Treasury prices fell after the broader stock markets calmed down, reducing traders' appetite for lower-risk government bonds.
For most of the week Treasury prices rose while stocks fell on fears that Europe's debt problems would lead to a global financial crisis. Another worry was that the U.S. is headed for another recession and that policy makers are running out of ways to fight it.
The week's price increases also stemmed from the Federal Reserve board's decision to shift $400 billion from short-term debt into long-term debt in a bid to drive down borrowing costs and spur the economy.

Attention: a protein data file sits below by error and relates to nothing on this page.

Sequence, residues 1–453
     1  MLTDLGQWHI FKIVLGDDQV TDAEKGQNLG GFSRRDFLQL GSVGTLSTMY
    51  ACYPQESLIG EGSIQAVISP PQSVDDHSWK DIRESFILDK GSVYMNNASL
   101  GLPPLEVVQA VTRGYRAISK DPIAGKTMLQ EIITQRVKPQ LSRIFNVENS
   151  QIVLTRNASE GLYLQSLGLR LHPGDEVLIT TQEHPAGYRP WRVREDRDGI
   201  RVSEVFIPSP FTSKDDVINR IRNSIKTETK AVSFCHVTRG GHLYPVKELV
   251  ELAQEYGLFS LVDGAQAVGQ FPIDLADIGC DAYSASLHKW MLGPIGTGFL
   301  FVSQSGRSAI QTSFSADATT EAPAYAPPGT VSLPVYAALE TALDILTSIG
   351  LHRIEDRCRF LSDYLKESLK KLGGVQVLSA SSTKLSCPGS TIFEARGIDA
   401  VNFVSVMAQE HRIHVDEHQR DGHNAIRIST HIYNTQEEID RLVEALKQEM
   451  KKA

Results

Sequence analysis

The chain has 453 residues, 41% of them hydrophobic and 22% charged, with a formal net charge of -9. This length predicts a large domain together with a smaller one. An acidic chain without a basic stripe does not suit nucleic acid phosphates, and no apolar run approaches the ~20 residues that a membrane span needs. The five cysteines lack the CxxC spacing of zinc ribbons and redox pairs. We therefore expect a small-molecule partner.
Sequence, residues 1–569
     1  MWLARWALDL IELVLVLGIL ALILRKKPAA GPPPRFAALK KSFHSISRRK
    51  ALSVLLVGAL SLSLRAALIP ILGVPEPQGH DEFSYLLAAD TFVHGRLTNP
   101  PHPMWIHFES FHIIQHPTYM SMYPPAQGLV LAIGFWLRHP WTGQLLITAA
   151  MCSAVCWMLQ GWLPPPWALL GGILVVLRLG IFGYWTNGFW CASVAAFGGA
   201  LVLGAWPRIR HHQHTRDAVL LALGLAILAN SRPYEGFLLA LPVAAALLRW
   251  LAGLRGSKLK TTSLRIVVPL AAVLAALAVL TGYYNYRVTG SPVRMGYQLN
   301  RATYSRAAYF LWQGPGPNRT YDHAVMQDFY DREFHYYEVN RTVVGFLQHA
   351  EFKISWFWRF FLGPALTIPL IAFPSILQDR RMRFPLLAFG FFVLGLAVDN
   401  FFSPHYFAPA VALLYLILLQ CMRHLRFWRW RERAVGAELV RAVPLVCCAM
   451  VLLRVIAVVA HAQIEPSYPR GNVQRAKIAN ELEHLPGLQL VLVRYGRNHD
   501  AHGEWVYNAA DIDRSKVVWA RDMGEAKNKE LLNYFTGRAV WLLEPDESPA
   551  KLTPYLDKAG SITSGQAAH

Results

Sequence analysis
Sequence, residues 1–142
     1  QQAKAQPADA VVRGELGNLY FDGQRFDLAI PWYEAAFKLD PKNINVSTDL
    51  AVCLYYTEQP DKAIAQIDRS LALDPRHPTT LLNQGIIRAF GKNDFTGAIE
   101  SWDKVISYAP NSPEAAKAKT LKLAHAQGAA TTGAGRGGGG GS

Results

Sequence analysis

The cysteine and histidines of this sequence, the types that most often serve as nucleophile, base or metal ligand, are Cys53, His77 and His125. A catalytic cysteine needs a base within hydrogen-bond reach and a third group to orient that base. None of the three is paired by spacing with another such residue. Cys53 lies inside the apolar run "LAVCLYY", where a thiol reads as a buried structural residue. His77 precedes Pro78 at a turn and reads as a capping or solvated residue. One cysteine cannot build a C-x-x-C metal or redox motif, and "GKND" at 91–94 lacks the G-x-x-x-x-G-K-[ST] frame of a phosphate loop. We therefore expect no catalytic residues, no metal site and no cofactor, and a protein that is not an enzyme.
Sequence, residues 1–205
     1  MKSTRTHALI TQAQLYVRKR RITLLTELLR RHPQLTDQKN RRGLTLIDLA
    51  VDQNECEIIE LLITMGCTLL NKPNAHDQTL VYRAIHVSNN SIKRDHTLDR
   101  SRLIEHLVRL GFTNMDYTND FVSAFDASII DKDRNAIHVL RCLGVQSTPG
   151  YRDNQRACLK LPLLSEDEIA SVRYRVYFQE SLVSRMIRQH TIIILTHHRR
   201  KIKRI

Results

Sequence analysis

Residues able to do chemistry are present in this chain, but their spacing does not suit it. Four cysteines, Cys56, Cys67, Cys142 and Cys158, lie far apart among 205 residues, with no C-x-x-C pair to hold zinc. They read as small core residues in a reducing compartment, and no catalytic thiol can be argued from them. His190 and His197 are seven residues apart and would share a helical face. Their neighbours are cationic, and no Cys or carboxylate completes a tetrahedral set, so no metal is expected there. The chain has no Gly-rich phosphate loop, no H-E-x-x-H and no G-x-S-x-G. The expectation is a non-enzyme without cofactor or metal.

Lower interest rates might spur investment and spending. Both slowed as the economy weakened this year.
On Friday, finance ministers from 20 large countries pledged to take "all necessary actions to preserve the stability of the banking systems and financial markets."
Friday, the benchmark 10-year Treasury note fell $1.16 for every $100 invested. Its yield, which moves inversely to prices, rose to 1.84 percent from the previous day's 1.73 percent. That was down from 2.07 percent last Friday. 10-year yields touched a record low of 1.71 percent Thursday.
The 30-year bond's yield was 2.90 percent, up from 2.80 percent late Thursday. Its price fell $4.25.
The yield on the two-year note rose to 0.22 percent from 0.21 percent.
The three-month T-bill was up to 0.01 percent from -0.01 percent Thursday. Its discount wasn't available.